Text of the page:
The Assembly elections tested whether a ‘jote’, or alliance, between the Left Front, led by the CPI(M), and the Congress could successfully uproot the Trinamool Congress (TMC) government in West Bengal. That experiment clearly failed. The Lokniti-CSDS post-poll analysis reveals that in contrast to the ‘mahagathbandhan’ in Bihar or the BJP-AGP-BPF combine in Assam, the chemistry of a Left-Congress alliance was not conducive to electoral victory in West Bengal. Insofar as the alliance did succeed, it worked more to Congress’s benefit than the Left’s.
This ‘jote’ was premised on the appearance of hard math. In the 2014 Lok Sabha elections, Congress and the Left Front together won 39.64 per cent of the vote in West Bengal, just a hair short of TMC’s 39.72 per cent. If those who voted for Congress and the Left in 2014 could just do so again in 2016, a Left-Congress alliance could pose a stiff challenge to the TMC. Anxious about the prospect of further decline in the state, the ‘jote’ was promoted vigorously by the CPI(M) state unit, against the misgivings of the national party leadership and some coalition partners such as the Revolutionary Socialist Party (RSP) and the All India Forward Bloc (AIFB). The state party unit of Congress endorsed the alliance also, against the hesitations of the national leadership concerned about its effects on the party’s contest against the Left in Kerala.
The election results bear out the misgivings of the skeptics. The fundamental weakness of the Left-Congress ‘jote’ was simple: voters vote differently in state elections than national elections because issues of state governance are different from issues of national governance. The 2014 elections were defined by a debate about development and change at the national level. By contrast, these elections were largely a referendum on the performance of Mamata Banerjee’s TMC government. Fifty-seven per cent of voters were satisfied with the performance of the TMC government, while only 33 per cent were dissatisfied. Among this dissatisfied third, the Left-Congress ‘jote’ won only 65 per cent of votes, indicating that many anti-TMC voters did not think it presented a credible alternative to the TMC.
While the Left’s votes largely transferred to Congress, Congress’s votes did not transfer as consistently to the Left. Among those who voted for the Left Front in 2014, 88 per cent voted for the ‘jote’ while only 9 per cent voted for TMC in 2016. But among those who voted for Congress in 2014, 73 per cent voted for the ‘jote’ and 24 per cent voted for TMC. This lopsided transfer of votes helped Congress win more seats than the Left Front and emerge as the next leader of the opposition.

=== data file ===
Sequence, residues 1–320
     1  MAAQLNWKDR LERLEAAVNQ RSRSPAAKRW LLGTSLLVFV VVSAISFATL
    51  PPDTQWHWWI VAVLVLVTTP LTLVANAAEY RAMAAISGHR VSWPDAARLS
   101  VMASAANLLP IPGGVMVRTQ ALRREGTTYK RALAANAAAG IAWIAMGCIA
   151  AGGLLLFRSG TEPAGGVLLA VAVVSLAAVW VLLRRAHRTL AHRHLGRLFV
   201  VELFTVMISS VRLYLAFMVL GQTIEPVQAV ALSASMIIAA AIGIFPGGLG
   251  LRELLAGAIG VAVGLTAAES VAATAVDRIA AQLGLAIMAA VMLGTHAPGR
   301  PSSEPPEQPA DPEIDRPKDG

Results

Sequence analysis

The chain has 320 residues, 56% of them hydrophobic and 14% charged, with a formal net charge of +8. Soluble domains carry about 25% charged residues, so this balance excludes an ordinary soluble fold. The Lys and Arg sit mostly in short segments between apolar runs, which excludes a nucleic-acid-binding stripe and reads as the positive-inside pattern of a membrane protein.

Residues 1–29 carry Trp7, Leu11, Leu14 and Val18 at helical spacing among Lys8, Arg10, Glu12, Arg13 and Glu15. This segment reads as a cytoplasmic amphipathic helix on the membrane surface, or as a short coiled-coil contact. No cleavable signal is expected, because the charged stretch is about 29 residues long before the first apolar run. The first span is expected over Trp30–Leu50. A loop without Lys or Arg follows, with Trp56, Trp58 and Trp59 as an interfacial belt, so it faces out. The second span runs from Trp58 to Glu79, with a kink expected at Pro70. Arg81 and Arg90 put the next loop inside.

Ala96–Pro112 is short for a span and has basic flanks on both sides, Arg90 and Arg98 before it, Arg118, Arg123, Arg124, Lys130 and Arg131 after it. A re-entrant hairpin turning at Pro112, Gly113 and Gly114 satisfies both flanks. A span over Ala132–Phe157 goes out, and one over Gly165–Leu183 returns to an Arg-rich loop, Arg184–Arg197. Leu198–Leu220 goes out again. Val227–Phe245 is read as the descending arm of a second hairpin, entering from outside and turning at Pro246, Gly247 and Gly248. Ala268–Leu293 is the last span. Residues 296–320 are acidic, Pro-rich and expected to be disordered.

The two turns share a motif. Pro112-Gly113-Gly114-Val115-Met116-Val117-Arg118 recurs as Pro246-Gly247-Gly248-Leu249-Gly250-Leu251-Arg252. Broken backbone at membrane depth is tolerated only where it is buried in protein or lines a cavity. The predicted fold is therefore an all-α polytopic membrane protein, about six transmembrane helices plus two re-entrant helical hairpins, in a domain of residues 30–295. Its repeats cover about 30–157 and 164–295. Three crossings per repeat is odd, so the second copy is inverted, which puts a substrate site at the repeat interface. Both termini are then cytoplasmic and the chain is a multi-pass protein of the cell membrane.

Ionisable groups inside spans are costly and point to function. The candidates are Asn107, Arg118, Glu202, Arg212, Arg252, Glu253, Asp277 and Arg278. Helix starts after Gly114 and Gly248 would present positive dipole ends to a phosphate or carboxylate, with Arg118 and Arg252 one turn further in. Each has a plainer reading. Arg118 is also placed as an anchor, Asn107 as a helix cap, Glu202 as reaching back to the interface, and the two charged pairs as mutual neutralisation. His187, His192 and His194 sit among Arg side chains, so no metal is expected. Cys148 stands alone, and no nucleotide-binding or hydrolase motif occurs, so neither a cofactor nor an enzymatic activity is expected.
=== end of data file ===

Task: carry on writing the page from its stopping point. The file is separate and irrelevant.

Strikingly, the TMC and Left-Congress ‘jote’ split the difference in the BJP’s drop in vote share from the 2014 Lok Sabha elections. While one in four (25 per cent) Bengalis who voted for the BJP in 2014 opted for the TMC in 2016, roughly the same (26 per cent) shifted from the BJP to the ‘jote’. This must serve as a corrective to the narrative that the TMC’s landslide victory was driven by disaffected BJP voters. The TMC, in fact, won more votes from Left-Congress ‘jote’ defectors than BJP defectors.
Logistical, ideological defeat for Left
Extended deliberations over the terms of the Left-Congress ‘jote’ and confusion regarding its status likely harmed the alliance’s ability to mobilise voters. Among the 58 per cent of Bengali voters who were contacted by a party worker or canvasser during the election campaign, one in three (33 per cent) was contacted by the TMC. Only one in six (16 per cent) was contacted by a party worker or canvasser from the Left-Congress ‘jote’.
The most troubling development for the Left may be an overall decline in support for Leftist ideology among the people of West Bengal. In 2011, 54 per cent of Bengalis thought that trade unions are necessary to protect worker rights. In 2016, less than half (47 per cent) think the same. While in 2011, 44 per cent of Bengalis thought the government should impose a ceiling on income and wealth to reduce the gap between rich and poor, in 2016 only one in three (33 per cent) support such a ceiling. In 2011, a majority (51 per cent) thought that all major industries should remain in the public sector if it helps the people. In 2016, just 36 per cent of Bengali voters support public ownership of industries. Even among Bengalis who supported trade unions, a ceiling on income or wealth, or public ownership of industries, the TMC won more votes than the Left Front. The TMC has become the new Left of West Bengal.
The Left-Congress alliance was an electoral experiment that did not succeed. The long-term decline of the Left in West Bengal presents an opportunity for another party to present itself as the principal opposition to TMC. Only time will tell whether that space will be filled by Congress, the BJP, a reborn Left, or something altogether different.